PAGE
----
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Trends Genet. 2013 Nov;29(11):659-68. doi: 10.1016/j.tig.2013.07.001. Epub 2013 Aug 1.

How old is my gene?

Author information

1
Center for Human Genetics Research and Department of Biomedical Informatics, Vanderbilt University, Nashville, TN 37232, USA.

Abstract

Gene functions, interactions, disease associations, and ecological distributions are all correlated with gene age. However, it is challenging to estimate the intricate series of evolutionary events leading to a modern-day gene and then to reduce this history to a single age estimate. Focusing on eukaryotic gene families, we introduce a framework that can be used to compare current strategies for quantifying gene age, discuss key differences between these methods, and highlight several common problems. We argue that genes with complex evolutionary histories do not have a single well-defined age. As a result, care must be taken to articulate the goals and assumptions of any analysis that uses gene age estimates. Recent algorithmic advances offer the promise of gene age estimates that are fast, accurate, and consistent across gene families. This will enable a shift to integrated genome-wide analyses of all events in gene evolutionary histories in the near future.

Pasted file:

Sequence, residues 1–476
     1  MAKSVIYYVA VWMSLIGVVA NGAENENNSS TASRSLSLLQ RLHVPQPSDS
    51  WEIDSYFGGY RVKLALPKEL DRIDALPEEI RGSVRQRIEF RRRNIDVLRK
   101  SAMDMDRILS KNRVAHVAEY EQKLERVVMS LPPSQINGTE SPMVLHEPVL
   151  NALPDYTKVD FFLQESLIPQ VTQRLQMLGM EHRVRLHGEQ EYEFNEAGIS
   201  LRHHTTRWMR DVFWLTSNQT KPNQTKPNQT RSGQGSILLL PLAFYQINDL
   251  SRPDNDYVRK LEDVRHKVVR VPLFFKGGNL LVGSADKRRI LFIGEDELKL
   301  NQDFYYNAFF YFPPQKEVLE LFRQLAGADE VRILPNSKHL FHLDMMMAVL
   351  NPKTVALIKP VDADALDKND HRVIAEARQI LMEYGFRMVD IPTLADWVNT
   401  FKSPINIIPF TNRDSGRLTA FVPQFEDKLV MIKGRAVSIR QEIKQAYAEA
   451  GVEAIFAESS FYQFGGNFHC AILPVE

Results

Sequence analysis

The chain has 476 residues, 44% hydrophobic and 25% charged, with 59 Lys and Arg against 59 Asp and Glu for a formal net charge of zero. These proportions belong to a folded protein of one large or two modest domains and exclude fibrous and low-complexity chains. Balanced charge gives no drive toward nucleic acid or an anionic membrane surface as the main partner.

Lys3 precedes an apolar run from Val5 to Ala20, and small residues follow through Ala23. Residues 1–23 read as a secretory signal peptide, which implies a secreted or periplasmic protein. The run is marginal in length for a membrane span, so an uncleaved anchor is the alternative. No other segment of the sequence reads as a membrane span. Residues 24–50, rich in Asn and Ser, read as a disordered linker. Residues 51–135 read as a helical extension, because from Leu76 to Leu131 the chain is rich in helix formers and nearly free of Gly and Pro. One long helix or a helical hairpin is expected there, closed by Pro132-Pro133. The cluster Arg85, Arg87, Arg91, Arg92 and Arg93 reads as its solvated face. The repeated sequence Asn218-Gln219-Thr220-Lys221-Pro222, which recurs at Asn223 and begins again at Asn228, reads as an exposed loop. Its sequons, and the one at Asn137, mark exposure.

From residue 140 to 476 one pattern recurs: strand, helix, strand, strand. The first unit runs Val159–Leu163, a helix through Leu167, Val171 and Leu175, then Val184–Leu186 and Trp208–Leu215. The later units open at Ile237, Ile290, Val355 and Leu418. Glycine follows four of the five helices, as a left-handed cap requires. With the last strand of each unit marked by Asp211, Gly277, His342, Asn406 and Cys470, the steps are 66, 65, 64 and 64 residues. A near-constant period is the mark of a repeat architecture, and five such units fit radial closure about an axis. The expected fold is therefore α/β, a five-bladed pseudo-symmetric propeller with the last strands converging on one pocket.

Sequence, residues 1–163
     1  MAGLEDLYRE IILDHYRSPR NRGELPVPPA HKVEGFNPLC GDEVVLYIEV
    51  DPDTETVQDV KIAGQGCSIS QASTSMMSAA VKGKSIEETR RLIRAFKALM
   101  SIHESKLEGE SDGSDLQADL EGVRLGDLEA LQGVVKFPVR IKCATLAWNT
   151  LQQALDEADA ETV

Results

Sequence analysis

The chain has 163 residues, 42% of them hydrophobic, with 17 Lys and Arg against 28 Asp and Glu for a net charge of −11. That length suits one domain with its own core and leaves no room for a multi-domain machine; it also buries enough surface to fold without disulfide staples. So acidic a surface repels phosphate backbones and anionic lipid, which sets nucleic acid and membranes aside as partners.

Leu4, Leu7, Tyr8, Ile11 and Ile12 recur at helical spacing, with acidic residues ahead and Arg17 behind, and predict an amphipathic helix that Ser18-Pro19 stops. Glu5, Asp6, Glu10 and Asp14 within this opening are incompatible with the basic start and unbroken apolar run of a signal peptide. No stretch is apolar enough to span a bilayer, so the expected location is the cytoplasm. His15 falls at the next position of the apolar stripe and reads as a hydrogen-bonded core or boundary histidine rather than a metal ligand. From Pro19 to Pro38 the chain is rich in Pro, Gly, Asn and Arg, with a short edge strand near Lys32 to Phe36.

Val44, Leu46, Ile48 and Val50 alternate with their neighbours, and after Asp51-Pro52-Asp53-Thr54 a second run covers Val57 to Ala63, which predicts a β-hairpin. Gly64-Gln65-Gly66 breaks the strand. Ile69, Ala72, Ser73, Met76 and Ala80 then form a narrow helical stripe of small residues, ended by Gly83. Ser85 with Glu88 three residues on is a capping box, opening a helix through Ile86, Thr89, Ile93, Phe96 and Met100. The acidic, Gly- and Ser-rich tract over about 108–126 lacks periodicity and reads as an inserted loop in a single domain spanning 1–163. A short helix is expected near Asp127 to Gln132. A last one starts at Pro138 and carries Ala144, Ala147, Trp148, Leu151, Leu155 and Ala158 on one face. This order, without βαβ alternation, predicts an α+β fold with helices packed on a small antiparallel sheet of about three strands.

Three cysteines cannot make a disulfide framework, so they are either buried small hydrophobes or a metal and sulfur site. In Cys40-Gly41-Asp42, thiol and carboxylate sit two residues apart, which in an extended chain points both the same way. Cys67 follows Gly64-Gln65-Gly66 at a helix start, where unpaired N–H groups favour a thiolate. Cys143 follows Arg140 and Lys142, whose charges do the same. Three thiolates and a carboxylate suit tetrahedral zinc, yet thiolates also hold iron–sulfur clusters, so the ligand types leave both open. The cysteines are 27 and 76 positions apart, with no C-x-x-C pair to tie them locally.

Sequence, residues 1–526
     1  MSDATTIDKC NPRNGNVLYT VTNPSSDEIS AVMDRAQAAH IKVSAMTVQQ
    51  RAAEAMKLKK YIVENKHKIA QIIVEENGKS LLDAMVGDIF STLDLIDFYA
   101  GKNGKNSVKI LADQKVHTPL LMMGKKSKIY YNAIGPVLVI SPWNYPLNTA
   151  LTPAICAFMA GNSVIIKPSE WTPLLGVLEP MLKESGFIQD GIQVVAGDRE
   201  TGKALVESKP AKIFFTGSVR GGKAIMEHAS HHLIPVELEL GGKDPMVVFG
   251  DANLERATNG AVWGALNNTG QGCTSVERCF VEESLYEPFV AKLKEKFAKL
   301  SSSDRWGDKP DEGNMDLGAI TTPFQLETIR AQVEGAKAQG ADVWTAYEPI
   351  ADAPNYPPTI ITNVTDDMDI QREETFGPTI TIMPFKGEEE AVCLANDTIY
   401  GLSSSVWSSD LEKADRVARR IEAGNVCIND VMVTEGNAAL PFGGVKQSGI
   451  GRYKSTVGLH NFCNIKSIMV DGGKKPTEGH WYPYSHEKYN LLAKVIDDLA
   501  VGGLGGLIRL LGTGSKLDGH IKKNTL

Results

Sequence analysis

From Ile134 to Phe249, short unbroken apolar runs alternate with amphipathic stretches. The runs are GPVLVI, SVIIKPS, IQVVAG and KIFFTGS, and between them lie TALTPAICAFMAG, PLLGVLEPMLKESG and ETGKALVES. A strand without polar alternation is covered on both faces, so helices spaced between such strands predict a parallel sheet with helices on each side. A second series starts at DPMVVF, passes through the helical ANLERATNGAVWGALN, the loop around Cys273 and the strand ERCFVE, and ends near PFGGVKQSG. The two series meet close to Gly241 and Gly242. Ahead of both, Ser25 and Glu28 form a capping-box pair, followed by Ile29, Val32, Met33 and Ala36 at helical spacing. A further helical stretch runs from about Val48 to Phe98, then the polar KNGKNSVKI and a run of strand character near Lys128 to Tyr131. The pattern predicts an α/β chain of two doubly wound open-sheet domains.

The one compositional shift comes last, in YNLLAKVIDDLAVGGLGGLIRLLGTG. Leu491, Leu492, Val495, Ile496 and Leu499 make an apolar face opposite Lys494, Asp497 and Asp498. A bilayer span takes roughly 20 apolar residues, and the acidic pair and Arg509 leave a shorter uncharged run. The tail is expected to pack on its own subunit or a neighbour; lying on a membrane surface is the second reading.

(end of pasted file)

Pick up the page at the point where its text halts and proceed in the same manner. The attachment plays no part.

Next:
KEYWORDS:

eukaryotes; gene age; molecular clock; phylogenetics

PMID:
23915718
PMCID:
PMC3812327
DOI:
10.1016/j.tig.2013.07.001
[Indexed for MEDLINE]
Free PMC Article

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